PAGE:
"I like to have lost my breath and fell out of the chair," he said, with deep emotion still in his voice and face. "I had been looking for 40 years and here it was. I had been born at Emery House."
He attended The Emery Babies reunion a few days later. "It was quite an emotional thing for me, learning about the history of the home and meeting other adoptees who came there," he said. Childers left knowing that one of the volunteer searchers of birth family evidence for the group, Jan Richards from the Atlanta area, would help in the still daunting task of finding his birth mother.
Through Richards' "invaluable aid and detective work," Childers was led in 2005 to the presence of a LaBarte family in Clarke County, Miss., and the reported death of their son in an auto accident in Mobile in 1975.
Childers and Richards took a chance that the son was buried in Clarke County and found the grave in the Pulley family plot in Stonewall. Then the local 1930 census records online showed that Pulley was his birth mother's name as a child.
The trail was hot and Childers contacted Pulleys in Stonewall, who turned out to be distant cousins. He learned from one of them that his birth mother had died in 2004, a few months after he learned of his birthplace due to the Emery Babies' reunion advertisement.
Two weeks after this discovery he learned that he had a living half-brother, Curtis Robert Highsmith, 60, whose location was unknown, said Childers. Hurricane Katrina hit in August 2005 and communications were severed for several weeks. Then Childers had surgery, with a further delay.
Once back on the trail, telephone calls to relatives led to three cousins, daughters of his birth mother's sisters. The trio, Vickie Wright Gilley, Clemmie Wright Young and Priscilla Wright Jackson, all lived in a family compound in Grand Bay in south Mobile County.
When contacted by Childers, the three sisters doubted the story, even with documentation and pictures of him that resembled Catherine LaBarte. Their aunt had lived near and with them in Grand Bay for many years and never mentioned a son given up for adoption, said Young.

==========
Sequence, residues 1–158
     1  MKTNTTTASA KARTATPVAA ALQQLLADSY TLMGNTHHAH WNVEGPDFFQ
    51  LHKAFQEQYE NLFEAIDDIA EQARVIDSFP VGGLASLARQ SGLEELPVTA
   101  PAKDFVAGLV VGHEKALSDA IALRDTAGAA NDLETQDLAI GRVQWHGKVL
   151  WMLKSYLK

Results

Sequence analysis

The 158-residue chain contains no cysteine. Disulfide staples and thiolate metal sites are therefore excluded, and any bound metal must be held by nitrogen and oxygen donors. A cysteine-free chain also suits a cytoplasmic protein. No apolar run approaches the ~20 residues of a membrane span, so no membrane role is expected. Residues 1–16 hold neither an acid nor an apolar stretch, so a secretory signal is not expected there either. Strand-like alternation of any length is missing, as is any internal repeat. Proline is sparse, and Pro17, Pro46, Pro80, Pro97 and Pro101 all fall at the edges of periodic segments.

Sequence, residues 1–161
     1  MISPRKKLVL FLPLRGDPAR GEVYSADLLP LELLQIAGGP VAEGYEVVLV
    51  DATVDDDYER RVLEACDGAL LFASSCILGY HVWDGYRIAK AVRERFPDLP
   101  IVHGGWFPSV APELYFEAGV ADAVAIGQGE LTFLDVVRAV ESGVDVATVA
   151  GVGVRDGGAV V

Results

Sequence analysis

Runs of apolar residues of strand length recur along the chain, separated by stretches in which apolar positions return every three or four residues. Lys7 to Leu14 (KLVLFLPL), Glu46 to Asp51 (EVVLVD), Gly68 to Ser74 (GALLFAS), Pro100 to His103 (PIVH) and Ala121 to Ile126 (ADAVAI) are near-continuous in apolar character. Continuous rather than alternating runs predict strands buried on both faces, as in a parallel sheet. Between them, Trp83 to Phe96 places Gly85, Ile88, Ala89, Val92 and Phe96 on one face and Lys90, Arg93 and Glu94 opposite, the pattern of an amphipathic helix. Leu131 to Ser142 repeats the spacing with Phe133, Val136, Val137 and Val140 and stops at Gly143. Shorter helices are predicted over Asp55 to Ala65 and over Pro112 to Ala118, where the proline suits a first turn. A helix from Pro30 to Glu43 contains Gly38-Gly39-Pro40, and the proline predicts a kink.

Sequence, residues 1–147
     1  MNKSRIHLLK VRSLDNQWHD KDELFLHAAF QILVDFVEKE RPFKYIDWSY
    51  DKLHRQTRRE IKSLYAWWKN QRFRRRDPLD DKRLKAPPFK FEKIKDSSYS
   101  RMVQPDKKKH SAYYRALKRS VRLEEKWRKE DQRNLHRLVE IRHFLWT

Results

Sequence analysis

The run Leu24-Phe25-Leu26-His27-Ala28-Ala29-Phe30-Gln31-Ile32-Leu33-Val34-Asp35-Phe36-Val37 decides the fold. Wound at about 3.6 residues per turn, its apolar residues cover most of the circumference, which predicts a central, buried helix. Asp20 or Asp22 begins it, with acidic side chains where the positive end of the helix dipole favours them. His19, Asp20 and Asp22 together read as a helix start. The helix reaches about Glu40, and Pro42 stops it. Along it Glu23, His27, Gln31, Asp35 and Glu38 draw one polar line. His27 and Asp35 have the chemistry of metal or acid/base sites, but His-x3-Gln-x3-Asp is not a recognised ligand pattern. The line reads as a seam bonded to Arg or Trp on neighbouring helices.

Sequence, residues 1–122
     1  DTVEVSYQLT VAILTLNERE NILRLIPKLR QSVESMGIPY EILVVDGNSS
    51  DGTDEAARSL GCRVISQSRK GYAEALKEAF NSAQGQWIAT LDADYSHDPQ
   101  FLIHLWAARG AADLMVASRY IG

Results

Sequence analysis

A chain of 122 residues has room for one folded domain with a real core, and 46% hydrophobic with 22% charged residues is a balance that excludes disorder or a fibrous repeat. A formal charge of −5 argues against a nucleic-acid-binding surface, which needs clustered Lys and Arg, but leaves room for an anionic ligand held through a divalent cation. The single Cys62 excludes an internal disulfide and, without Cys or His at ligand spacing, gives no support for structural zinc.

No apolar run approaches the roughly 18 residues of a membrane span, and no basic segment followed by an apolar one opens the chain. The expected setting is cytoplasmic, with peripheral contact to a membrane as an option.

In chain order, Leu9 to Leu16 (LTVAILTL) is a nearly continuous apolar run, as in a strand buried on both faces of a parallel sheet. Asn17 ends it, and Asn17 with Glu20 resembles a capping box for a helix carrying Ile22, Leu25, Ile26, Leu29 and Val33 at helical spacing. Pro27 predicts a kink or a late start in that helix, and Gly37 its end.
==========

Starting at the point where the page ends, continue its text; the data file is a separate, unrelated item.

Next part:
In December 2005, Gilley called Childers and said the cousins had a Christmas present: they had found Highsmith, his half-brother, in Saraland. "It was a very emotional time for me. I was elated," said Childers.
Childers was invited by the three sisters to visit Mobile in January 2006. He came from the Houston area, where he lives and is employed in the information technology department of a large corporation's headquarters.
When she met Childers for the first time, said Young, she saw the physical resemblance to her aunt, Catherine LaBarte. Childers also met Highsmith during that month, but, tragically, his half-brother passed away about six weeks later.
During and after the initial visit to Grand Bay the "new" cousin was more than accepted. "We bonded right away, with something genetic and deep. Michael has become a part of the family, like a brother," said Gilley.
"He went from having no birth family to having hundreds of cousins in a large, close-knit family. That was his gift for searching for his birth mother," she added.
Another benefit of the family discovery, said Childers, is the bonding he has experienced with his half-brother's son, Joseph Highsmith, 16. "A pretty cool kid," said Childers, who has taken his nephew to meet his own two adult sons.
"I wish I could have met my birth mother in person to thank her for what she did for me, loving me enough to put me up for adoption to have a better life. I've had a wonderful life with adoptive parents who loved me," said Childers. "Those who adopt other people's children are very special people."
The medical knowledge gained from his cousins that his birth mother also suffered from asthma has been helpful, he added.
Childers had advice for adoptees and others who are searching for absent family. "Time is of the essence if you want to find your birth parents. Don't hesitate."